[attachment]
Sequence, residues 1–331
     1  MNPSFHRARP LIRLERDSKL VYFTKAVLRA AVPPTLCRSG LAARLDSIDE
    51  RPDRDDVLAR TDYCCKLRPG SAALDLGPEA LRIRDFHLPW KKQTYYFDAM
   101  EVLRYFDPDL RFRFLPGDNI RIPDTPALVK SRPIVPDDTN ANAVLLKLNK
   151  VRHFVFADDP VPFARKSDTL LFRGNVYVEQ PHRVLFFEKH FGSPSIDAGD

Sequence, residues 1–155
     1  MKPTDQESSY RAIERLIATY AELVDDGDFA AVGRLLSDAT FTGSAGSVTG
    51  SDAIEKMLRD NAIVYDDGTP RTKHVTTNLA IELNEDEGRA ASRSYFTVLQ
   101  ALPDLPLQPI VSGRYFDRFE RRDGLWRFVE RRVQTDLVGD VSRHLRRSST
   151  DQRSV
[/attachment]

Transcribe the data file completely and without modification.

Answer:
Sequence, residues 1–331
     1  MNPSFHRARP LIRLERDSKL VYFTKAVLRA AVPPTLCRSG LAARLDSIDE
    51  RPDRDDVLAR TDYCCKLRPG SAALDLGPEA LRIRDFHLPW KKQTYYFDAM
   101  EVLRYFDPDL RFRFLPGDNI RIPDTPALVK SRPIVPDDTN ANAVLLKLNK
   151  VRHFVFADDP VPFARKSDTL LFRGNVYVEQ PHRVLFFEKH FGSPSIDAGD

Sequence, residues 1–155
     1  MKPTDQESSY RAIERLIATY AELVDDGDFA AVGRLLSDAT FTGSAGSVTG
    51  SDAIEKMLRD NAIVYDDGTP RTKHVTTNLA IELNEDEGRA ASRSYFTVLQ
   101  ALPDLPLQPI VSGRYFDRFE RRDGLWRFVE RRVQTDLVGD VSRHLRRSST
   151  DQRSV